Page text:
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EIOPA marks CIOs’ cards for 2018

Posted January 17, 2018

David Worsfold

Just as chief investment officers were tidying up their desks and clearing their inboxes before heading off for Christmas, the European Insurance and Occupational Pensions Authority (EIOPA) quietly slipped out its latest Financial Stability Report for the (re)insurance and occupational pensions sectors.

It flags up a few issues that will just not go away as far as the regulator is concerned.

According to the report, while the global economic outlook continues to improve, the prolonged low yield environment and low market volatility coupled with high levels of economic and political uncertainty continue to represent major challenges for European insurers and pensions funds. EIOPA’s big – and persistent – worry is the impact of a sudden yield spike. It wants insurers to assess the impact of this on their investments.

This is by far from its only concern.

In November, it published a survey of the investment behavior of insurers over the last five years and found plenty to worry about in insurers’ responses to the persistent low yield environment, highlighting:

  • Increased exposures towards lower credit rating quality fixed income securities
  • More illiquid investments such as non-listed equities and gradual increase in exposure to non-traditional asset classes such as infrastructure, mortgages, loans and real estate
  • Increase of the average maturity of the bond portfolios

It is unlikely that any of this will come as much surprise to CIOs, but it was sufficient to prompt EIOPA chairman Gabriel Bernardino to warn at the end of November that the regulator was monitoring how these trends were impacting insurers: “The survey points to a search-for-yield investment behaviour of insurers, which is a natural reaction to the low interest rate environment. The increased exposure to more illiquid investments and to non-traditional asset classes, such as infrastructure, improves asset diversification but also demands new risk management capabilities from insurers and closer supervisory attention. At the same time, in line with our expectations, the first observations from the impact of Solvency II point to an increase in long-term investment and a stable allocation to equity. EIOPA will continue to closely monitor the investment behaviour of insurers to ensure that it continues to remain in line with their risk bearing capacity.”

Now, EIOPA has expanded the list of issues it is monitoring to take in a broad range of topics, such as climate change, new technologies and digitalisation that might not always be high on CIOs’ agendas. It also raises concerns over lapse ratios which in some policy lines are increasing and putting strain on insurers’ capital.

There is a growing awareness across the sector that more attention needs to be paid to retaining business and reducing policy lapses, says Swiss Re in its latest sigma report:

“In addition to providing more benefit to consumers, the increased focus on managing their in-force business can help insurers sustain long-term profitability. Retaining customers is an important component in this regard, not least because keeping existing policyholders is less expensive than winning new business.

“Traditionally, life insurers have focused on growing new business, but many are currently paying increased attention to enhancing the value of existing portfolios. To do so, they are applying different levers for a more effective management of in-force books (i.e. existing business) with the aim of increasing customer satisfaction”.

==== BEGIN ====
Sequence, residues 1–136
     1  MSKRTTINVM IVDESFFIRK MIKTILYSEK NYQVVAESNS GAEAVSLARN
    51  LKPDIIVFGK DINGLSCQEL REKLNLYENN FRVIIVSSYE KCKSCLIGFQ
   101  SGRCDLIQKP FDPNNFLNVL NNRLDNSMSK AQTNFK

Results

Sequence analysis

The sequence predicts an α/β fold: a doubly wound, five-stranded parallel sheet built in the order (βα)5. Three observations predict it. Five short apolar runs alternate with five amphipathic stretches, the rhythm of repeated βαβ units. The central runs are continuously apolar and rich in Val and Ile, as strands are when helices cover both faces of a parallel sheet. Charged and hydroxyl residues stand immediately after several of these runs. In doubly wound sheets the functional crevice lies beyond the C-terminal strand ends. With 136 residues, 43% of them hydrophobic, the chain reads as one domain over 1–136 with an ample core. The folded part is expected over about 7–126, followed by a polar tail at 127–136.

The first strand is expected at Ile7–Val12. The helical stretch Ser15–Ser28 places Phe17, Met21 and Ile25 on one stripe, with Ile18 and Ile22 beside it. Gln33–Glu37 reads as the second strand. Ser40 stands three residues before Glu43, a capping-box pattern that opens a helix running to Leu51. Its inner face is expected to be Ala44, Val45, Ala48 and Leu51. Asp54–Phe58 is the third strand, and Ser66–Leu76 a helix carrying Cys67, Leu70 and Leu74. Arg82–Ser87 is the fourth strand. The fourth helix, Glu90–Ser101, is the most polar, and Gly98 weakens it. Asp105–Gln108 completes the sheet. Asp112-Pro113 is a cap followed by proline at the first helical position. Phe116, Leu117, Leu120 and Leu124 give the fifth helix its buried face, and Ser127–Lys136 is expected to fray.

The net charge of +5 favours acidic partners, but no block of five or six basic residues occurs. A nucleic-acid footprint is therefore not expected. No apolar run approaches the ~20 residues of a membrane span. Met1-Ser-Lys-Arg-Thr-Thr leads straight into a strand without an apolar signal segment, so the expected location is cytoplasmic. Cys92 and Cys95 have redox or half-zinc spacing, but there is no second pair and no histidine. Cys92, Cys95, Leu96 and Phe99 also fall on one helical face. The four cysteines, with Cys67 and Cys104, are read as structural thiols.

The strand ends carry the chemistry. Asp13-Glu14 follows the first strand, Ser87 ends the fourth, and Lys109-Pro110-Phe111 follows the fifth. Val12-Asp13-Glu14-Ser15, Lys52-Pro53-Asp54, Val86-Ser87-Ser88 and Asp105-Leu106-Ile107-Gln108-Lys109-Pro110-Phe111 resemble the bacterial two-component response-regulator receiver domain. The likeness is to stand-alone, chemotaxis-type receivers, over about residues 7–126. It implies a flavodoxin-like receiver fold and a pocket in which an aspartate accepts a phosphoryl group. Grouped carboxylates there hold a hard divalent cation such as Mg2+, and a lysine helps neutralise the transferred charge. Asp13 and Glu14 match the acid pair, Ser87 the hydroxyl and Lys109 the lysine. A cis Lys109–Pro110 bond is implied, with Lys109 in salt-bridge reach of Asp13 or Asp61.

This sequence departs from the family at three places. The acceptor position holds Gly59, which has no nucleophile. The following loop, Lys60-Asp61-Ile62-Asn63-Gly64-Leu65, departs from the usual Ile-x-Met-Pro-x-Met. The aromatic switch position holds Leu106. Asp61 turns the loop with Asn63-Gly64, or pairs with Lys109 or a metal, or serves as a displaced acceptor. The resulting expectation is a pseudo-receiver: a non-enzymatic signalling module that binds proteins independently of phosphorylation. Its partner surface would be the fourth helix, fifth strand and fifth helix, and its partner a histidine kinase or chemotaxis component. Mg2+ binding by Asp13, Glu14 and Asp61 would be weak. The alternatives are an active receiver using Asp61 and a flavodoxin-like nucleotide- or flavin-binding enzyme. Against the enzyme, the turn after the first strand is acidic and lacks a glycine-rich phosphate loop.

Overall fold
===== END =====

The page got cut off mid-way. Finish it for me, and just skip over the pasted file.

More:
The consequences of ignoring this trend will be stain on solvency ratios with precious capital used to support the expensive acquisition of new business, says Swiss Re.

It is not all gloom and pessimism at EIOPA headquarters over what 2018 might hold, however.

The insurance sector remains well capitalised with a Solvency Capital Requirement ratio for the median company above 200%, says the Financial Stability Report. There is further optimism about SCR ratios and the diverse use of long-term guarantees and transitional measures around Europe. “In many cases, in particular for life insurers, these measures represent a substantial cumulative effect on the SCR ratios, providing a financial stability cushion and potentially acting in a countercyclical manner”, says the report.

In the reinsurance sector, EIOPA warns that the 2017 hurricane season may have added to rising claims towards the end of the year, which will impact profitability and solvency levels.

Commenting on the publication of the Financial Stability Report, Bernardino made it clear that EIOPA will not be passively sitting back, quietly monitoring these trends. It plans to launch another EU-wide stress test this year with a wide-ranging remit.

“In order to address current challenges and newly emerging risks stemming from climate change, new technologies and digitalisation, EIOPA will broaden the range of its future risk analysis and include a wider range of business and scenarios. In addition, as part of its regular vulnerability analyses, EIOPA plans to launch an EU-wide Insurance Stress Test exercise in 2018, focusing on the most relevant and current risks for the sector.”

It seems clear that this stress test will probe deeply into investment strategies, priorities and trends and measure the responses against what it perceives as the wider issues facing CIOs.


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